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I decided to kick off my Summer of Socks 2009 knitting with Kaibashira. This sock pattern has been in my Ravelry queue for a year and a half, and I’ve had the TOFUtsies yarn in my stash for just a little over a year. Knitting these socks was certainly long overdue!

They look so very complicated, but once you get past the first couple rows of the cuff, they’re far easier to knit than you would think. There’s really only one “pattern” round in the 12-round pattern repeat, and everything else is just strategically placed rows of all knit or all purl stitches. Kaibashira is a surprisingly quick knit, as well. (Of course, I have had an unusual amount of free time for knitting lately, so YMMV.)

Kaibashira1_XL

Kaibashira Socks

  • Pattern: Kaibashira by Chrissy Gardiner
  • Size: 66-stitch circumference (approx. “medium”)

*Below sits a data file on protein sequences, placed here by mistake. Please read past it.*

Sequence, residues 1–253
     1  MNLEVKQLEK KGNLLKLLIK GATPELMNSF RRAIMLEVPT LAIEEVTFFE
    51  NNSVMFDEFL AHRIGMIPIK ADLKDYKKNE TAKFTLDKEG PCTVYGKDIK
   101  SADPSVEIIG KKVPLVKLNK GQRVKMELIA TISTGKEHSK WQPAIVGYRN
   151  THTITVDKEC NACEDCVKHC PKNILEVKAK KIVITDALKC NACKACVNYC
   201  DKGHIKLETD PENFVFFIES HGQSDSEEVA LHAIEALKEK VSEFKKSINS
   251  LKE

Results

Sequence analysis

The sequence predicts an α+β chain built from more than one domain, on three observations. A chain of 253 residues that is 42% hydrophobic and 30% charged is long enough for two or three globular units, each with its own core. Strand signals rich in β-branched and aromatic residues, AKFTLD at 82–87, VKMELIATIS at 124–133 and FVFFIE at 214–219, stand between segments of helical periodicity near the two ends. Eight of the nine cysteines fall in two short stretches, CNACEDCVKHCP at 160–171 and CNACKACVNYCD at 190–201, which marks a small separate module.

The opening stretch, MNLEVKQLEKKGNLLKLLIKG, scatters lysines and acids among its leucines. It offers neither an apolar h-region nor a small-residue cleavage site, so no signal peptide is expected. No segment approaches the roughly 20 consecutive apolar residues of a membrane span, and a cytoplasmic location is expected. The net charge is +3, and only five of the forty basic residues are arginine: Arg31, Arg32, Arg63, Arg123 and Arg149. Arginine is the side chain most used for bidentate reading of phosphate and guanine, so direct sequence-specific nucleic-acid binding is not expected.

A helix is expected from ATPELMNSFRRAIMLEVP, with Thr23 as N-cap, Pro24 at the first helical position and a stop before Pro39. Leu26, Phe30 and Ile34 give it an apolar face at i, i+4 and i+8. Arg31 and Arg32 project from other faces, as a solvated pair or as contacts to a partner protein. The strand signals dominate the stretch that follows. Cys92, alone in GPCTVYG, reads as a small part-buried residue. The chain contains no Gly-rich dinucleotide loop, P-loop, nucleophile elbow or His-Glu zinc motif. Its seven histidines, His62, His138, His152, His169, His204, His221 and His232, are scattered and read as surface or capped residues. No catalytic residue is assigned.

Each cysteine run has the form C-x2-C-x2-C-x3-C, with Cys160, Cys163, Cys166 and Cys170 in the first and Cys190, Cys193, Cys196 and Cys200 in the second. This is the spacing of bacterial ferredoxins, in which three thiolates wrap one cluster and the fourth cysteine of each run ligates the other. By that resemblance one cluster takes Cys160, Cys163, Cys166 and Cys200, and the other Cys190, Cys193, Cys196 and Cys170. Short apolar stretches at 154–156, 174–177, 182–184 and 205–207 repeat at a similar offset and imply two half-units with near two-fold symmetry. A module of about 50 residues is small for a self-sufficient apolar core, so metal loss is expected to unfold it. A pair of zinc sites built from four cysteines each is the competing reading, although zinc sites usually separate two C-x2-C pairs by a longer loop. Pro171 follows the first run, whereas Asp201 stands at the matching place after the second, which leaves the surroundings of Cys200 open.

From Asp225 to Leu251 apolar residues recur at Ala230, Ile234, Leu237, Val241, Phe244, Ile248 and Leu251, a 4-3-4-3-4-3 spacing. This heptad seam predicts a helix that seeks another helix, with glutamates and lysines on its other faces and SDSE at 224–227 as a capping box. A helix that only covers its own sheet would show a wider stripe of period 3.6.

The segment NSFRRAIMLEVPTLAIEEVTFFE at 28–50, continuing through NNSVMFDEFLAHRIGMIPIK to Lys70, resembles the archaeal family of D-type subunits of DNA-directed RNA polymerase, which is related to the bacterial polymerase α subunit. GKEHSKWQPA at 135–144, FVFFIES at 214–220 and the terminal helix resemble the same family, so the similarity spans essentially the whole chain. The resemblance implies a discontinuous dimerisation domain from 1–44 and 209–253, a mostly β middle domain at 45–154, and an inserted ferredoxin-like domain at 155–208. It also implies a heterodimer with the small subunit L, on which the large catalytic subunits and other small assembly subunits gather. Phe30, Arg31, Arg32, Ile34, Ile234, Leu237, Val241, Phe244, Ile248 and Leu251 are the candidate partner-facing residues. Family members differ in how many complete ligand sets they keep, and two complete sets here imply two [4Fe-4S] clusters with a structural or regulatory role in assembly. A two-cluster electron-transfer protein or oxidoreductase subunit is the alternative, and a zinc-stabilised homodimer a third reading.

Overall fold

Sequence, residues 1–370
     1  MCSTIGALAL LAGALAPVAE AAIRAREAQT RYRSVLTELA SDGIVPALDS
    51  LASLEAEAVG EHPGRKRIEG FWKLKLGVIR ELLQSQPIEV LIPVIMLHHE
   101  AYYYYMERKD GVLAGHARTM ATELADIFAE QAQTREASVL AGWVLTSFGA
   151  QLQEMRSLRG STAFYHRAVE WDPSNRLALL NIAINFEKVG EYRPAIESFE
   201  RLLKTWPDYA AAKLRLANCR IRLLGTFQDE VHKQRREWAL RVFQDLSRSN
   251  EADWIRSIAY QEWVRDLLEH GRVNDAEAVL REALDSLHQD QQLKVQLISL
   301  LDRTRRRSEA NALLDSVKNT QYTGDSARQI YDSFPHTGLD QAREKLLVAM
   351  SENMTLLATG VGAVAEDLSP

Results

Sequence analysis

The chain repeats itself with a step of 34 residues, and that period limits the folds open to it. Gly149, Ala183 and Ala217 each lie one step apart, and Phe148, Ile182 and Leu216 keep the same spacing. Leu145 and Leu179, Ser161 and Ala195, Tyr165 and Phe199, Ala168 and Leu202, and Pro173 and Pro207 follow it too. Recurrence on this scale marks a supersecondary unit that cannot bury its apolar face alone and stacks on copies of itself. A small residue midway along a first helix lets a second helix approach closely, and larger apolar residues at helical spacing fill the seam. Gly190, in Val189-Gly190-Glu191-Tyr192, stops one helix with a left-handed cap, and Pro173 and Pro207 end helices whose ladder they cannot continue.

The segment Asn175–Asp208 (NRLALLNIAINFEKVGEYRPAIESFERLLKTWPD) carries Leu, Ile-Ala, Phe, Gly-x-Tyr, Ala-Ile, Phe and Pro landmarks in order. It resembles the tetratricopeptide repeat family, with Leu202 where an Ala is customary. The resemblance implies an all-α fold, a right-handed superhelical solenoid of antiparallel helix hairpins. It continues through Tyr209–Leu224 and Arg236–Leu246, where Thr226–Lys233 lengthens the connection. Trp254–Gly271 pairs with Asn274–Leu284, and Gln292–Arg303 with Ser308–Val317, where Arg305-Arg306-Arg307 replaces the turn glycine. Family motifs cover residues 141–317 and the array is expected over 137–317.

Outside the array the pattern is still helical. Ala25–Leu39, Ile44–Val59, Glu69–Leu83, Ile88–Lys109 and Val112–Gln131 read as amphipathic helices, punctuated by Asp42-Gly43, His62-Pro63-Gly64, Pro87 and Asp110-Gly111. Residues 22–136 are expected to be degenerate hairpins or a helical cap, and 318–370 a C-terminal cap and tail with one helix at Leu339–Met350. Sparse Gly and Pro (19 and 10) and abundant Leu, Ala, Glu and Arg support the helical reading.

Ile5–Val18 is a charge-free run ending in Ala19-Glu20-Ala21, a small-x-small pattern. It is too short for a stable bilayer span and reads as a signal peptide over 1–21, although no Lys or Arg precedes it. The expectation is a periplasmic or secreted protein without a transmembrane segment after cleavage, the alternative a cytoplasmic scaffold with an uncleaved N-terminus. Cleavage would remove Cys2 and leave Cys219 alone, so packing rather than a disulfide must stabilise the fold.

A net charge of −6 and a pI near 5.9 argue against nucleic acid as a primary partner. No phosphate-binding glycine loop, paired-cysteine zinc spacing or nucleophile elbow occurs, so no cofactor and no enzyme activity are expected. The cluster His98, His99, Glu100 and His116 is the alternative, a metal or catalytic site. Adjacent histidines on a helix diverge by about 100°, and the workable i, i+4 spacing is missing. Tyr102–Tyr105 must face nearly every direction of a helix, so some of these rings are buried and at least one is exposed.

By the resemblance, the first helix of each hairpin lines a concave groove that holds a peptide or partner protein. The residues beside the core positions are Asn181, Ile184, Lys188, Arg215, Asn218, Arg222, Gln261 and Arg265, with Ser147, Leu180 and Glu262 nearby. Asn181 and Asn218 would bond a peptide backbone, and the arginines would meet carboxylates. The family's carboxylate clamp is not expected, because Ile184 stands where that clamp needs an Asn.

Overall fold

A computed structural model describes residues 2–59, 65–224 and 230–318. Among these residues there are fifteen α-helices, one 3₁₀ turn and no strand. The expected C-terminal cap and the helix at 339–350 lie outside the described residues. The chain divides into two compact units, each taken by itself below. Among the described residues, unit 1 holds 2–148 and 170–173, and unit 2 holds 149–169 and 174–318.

• Needles: Cast on and worked first few rows using US 1.5 (2.5mm) circular needle, Magic-Loop style; then switched to US 1 (2.25mm) DPNs
  • Yarn: Southwest Trading Co. TOFUtsies, colorway 792 (Feet in the Sand)
  • Techniques: Cable cast-on, slip-stitch heel, kitchener stitch toe
  • Started 6/23/09, finished 7/2/09
  • Link to my Ravelry project page

I’ve already started my next pair of socks that will do double duty for the Socks from the Toe Up KAL as well as Summer of Socks 2009 — On-Hold Socks by Wendy D. Johnson (pattern is from Wendy’s book, Socks from the Toe Up). The yarn I’m using is Cascade Heritage Paints in colorway 9872, which is a dark blue in subtly varying shades from deep slate to navy. I’ll be knitting the On-Hold Socks according to my preferred MO — 2-at-a-time on Magic Loop, from the toe up.

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Wow, finished these in record time!

Sprucey3_XL

Sprucey Lucy Socks

  • Pattern: Sprucey Lucy by Wendy D. Johnson